Curdling the Cream in the Clinton Coffee

Article excerpt

Tick, tick, tick, tick, tick.

The front page of this newspaper on the morning after New Hampshire was a caution correctly read in the White House, where, despite the hired bravado of the president's regiments of lawyers, the fog shrouding Bill Clinton's view of November grows thicker, the knot of fear in Miss Hillary's tummy expands to the size of an artichoke-y.

Buchanan wins New Hampshire vote/Stuns Dole;/Alexander a strong third. This was the stuff of good cheer all around: dissension in the enemy's camp, a cracking coalition, rage in the ranks, mutiny at the officers' club. You couldn't blame the president and Miss Hillary for the smiles that sweetened their morning coffee.

But here's the smaller headline that curdled the cream in that coffee: Arkansas bankers indicted for loans/Fraud suspected in Clinton races. The front page of The Washington Post, for once, offered scant solace: Arkansas bankers indicted in scheme/to help fund 1990 Clinton campaign.

Tick, tick, tick, tick, tick.

The amnesia epidemic that has swept through the White House - there's been nothing like it since the AIDS epidemic swept through San Francisco like Epsom salts - continued yesterday as Harold Ickes, with the rattled mien of a flustered Ichaabod Crane, couldn't remember much about anything, beginning with why the White House only this week found another hundred pages of Whitewater documents it had said were lost. "Inadvertent," Mr. Ickes described it.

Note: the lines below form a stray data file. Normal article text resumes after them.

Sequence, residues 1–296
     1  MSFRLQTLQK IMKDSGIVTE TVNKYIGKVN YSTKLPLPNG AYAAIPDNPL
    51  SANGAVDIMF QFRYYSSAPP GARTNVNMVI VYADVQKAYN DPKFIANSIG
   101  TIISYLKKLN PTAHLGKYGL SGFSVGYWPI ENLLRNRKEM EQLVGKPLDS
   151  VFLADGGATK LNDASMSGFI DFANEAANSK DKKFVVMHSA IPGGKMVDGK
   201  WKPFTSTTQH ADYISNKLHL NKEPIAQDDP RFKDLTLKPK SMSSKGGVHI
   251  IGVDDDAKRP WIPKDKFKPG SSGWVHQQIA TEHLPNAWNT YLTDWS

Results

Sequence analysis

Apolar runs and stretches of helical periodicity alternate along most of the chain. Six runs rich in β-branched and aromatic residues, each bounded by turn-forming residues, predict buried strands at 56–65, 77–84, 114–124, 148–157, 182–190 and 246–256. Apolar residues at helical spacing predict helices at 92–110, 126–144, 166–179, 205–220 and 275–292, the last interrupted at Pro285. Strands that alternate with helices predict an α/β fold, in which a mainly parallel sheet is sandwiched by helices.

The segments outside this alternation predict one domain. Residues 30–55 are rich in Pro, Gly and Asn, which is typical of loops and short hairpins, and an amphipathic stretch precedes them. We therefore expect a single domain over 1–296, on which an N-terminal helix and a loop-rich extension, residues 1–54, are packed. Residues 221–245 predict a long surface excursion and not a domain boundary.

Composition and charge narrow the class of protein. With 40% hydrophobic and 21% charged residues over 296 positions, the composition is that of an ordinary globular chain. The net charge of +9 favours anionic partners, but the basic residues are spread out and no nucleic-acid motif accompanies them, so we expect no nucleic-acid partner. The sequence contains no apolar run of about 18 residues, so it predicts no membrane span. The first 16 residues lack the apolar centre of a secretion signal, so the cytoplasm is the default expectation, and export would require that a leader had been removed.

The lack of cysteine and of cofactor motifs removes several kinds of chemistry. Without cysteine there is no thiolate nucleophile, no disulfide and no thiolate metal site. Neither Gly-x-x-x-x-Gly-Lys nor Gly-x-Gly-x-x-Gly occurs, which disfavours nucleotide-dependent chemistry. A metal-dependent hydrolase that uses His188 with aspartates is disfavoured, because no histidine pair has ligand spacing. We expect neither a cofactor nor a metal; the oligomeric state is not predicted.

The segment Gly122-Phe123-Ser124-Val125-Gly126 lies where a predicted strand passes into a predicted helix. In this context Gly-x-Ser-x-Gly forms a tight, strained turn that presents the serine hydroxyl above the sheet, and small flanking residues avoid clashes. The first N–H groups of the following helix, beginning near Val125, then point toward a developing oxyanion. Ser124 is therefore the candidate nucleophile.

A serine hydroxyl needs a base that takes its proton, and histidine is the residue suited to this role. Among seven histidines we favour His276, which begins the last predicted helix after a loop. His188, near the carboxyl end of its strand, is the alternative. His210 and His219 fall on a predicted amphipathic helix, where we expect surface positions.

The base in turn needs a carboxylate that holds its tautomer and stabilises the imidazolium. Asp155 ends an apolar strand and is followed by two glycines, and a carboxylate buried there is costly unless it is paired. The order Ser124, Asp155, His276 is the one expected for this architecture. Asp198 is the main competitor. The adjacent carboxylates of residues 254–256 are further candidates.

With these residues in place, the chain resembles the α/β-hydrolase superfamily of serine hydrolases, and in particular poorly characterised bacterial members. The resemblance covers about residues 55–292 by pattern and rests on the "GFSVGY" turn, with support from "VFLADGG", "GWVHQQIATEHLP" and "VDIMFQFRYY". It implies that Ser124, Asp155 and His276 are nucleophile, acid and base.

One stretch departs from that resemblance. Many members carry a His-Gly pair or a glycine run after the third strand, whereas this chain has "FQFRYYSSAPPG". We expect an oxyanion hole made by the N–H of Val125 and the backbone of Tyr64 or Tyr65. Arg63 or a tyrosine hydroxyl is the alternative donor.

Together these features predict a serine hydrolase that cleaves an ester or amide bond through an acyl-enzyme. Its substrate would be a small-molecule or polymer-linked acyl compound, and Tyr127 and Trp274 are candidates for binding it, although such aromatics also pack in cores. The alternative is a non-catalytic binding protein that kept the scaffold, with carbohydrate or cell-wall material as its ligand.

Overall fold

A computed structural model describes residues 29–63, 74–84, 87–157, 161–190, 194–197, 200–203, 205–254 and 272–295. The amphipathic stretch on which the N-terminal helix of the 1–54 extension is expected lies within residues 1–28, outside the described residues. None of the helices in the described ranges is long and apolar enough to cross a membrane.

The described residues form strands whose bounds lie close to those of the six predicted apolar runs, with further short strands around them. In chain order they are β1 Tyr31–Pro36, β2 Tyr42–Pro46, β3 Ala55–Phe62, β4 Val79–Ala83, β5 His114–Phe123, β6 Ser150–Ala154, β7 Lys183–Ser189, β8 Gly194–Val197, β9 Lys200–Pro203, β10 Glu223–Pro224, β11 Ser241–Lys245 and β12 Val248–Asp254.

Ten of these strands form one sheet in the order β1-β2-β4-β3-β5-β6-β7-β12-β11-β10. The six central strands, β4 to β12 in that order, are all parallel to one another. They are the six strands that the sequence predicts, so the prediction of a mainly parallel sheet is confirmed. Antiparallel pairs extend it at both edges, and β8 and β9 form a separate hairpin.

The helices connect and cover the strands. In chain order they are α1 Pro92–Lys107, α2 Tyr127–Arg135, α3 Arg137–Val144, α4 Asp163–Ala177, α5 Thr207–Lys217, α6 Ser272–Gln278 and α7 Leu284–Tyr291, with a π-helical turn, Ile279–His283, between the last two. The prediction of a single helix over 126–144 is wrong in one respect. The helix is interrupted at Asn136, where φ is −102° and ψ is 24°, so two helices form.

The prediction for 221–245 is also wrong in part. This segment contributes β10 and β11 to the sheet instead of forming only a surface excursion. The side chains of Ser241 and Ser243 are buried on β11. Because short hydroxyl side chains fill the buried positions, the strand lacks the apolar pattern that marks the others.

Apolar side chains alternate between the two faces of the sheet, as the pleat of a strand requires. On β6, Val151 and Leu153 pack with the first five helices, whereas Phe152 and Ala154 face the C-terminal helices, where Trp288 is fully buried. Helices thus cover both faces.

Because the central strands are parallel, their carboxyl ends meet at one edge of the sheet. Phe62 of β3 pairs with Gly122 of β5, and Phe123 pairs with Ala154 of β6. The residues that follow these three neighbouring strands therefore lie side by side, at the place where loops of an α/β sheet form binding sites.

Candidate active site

One of the panelists noticed the notation, "DK Draft," and asked whether this meant that Donald Kendall, the president's lawyer for bank-robbery affairs, had written it. Mr. Ickes, in the White House refrain now so familiar to all, replied that he didn't remember. Of course.

Mr. Ickes demonstrated the testiness and combativeness that White House aides cower before, particularly when he employs testiness and combativeness to protect Miss Hillary. Once he dropped his mask of toughness. Sen. Lauch Faircloth of North Carolina recalled that his father was known in FDR's cabinet as "Honest Harold," and asked him, in the down-home vernacular: "If God had granted him to be in this room, would he say, `Boy, you're doing a good job,' or, `Son, you're with the wrong crowd, get out,'?"

With an ever so slight crack in his voice, the son replied: "I think he would have approved of what I was doing, because we've done nothing wrong. …